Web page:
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|Title:||DEVELOPMENT AND QUALITY EVALUATION OF MEAT FLOSS FROM BEEF, CHEVON AND PORK|
|Other Titles:||A THESIS IN THE DEPARTMENT OF ANIMAL SCIENCE SUBMITTED TO THE FACULTY OF AGRICULTURE AND FORESTRY IN PARTIAL FULFILMENT OF THE REQUIREMENTS FOR THE DEGREE OF DOCTOR OF PHILOSOPHY OF THE UNIVERSITY OF IBADAN|
|Authors:||KASSIM, O. R.|
|Keywords:||Meat floss nutritional quality|
Thiobarbituric acid reactive substances level
|Abstract:||Meat Floss (MF) is a meat product traditionally produced from beef. The MF is a shredded meat product that is light, easy to pack and nutrient retaining. However, information on yield and nutritional quality of MF has not been well documented. Therefore, MF from beef (MFB), chevon (MFC) and pork (MFP) were developed and evaluated for yield and quality. The raw beef, chevon and pork were obtained from thigh muscle and analysed for Dry Matter (DM) and Crude Protein (CP). The samples were cooked, shredded, fried for production of MF (MFB, MFC and MFP) and analysed for Product Yield (PY), DM and CP using standard procedures. Eating Qualities (EQ): aroma, flavour, tenderness, juiciness and texture were determined using a 9-point hedonic scale. Shelf stability of MF when differently packaged in acrylic bottle, polyethylene and polyamide for 21 days were assessed by measuring levels of Thiobarbituric Acid Reactive Substances (TBARS) using standard procedure. Based on EQ for MFB, Semi tendinosus (St), Semi membranosus (Sm) and Bicep femoris (Bf) obtained from raw beef were used to produce MF from St (MFSt), Sm (MFSm) and Bf (MFBf) using soya oil and their PY, CP and EQ were assessed. The TBARS levels of MFSt, MFSm and MFBf stored for 21 days in polyethylene were assessed. The most acceptable was used to produce MF using groundnut oil (GNO), soya oil (SOY) and palm oil (PMO) as frying media. The TBARS levels and Microbial Load (ML) of MF using GNO (MFGNO), SOY (MFSOY) and PMO (MFPMO) stored in three packaging media for three weeks were assessed. Data were analysed using descriptive analysis and ANOVA at p=0.05. The DM (%) of raw beef, chevon and pork were 28.0, 33.3, 35.8 and their CP (%) were 22.9, 21.2 and 22.7 respectively. The PY (g/100g) of MFB (70.1) and MFC (74.1) were higher than MFP (68.9). The CP (%) of the products were 39.8, 46.7 and 41.8 for MFB, MFC and MFP respectively. The EQ for MFB (7.4) was higher than MFC (6.6) and MFP (6.2). The TBARS (mg/100g) levels were MFB (2.4), MFC (2.8), and MFP (2.0). The PY (g/100g) were 53.9, 63.9 and 64.1 and CP (%) were 40.1, 36.6 and 37.9 for MFSt, MFSm and MFBf respectively. The EQ was significantly higher in MFSt than both MFSm and MFBf. The TBARS (mg/100g) levels were 1.8 (MFSt), 0.7 (MFSm) and 1.5 (MFBf). There were no significant differences in PY, CP and juiciness of MF from the three oil types. Though all the products were rated same in overall acceptability, MFPMO was most tender (6.4) and MFSOY was best in flavour (5.9). The TBARS (1.5 mg/100g) and ML (1.3 log10-2cfu/g/cm2) of MFSOY were highest irrespective of packaging media while TBARS (1.3) and ML (1.1) of polyethylene were low irrespective of the product. Meat floss contained about twice the protein in their respective raw meat and can be produced using any of groundnut oil, soya oil and palm oil. The products can best be kept in polyethylene.|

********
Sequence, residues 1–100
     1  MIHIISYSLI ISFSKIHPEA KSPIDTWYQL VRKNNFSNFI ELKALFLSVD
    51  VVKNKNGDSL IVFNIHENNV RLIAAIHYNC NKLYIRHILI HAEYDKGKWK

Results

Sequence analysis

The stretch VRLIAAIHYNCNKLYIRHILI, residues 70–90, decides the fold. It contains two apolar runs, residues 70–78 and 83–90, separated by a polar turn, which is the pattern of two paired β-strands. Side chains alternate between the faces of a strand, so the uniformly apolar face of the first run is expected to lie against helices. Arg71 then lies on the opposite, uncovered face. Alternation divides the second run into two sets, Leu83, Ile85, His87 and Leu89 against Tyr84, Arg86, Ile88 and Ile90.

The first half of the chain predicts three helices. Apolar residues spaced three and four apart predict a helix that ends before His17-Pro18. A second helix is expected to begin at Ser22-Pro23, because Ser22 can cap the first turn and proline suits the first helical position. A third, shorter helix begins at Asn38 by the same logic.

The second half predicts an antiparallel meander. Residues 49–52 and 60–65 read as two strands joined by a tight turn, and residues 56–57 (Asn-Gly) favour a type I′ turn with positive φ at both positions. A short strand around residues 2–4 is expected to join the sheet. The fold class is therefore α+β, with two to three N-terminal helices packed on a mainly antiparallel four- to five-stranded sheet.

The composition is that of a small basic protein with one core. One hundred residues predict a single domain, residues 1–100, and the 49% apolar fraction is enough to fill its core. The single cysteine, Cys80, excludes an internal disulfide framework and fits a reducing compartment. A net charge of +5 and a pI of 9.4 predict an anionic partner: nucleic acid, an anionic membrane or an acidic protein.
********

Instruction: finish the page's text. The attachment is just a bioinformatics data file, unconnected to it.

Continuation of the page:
|Appears in Collections:||Academic Publications in Animal Science|
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